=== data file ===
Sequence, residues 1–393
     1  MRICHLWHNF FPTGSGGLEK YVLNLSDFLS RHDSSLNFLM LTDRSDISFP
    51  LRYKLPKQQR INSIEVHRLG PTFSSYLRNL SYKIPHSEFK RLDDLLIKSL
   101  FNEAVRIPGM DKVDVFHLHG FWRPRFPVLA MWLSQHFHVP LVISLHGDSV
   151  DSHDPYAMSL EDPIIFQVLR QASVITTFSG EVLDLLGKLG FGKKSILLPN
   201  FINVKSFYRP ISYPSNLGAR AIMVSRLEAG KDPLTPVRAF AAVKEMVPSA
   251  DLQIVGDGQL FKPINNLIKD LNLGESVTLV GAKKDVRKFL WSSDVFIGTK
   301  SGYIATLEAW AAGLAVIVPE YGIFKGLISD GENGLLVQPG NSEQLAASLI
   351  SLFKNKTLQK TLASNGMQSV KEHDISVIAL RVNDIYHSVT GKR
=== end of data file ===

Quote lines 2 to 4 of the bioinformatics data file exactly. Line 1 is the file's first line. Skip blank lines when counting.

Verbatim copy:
     1  MRICHLWHNF FPTGSGGLEK YVLNLSDFLS RHDSSLNFLM LTDRSDISFP
    51  LRYKLPKQQR INSIEVHRLG PTFSSYLRNL SYKIPHSEFK RLDDLLIKSL
   101  FNEAVRIPGM DKVDVFHLHG FWRPRFPVLA MWLSQHFHVP LVISLHGDSV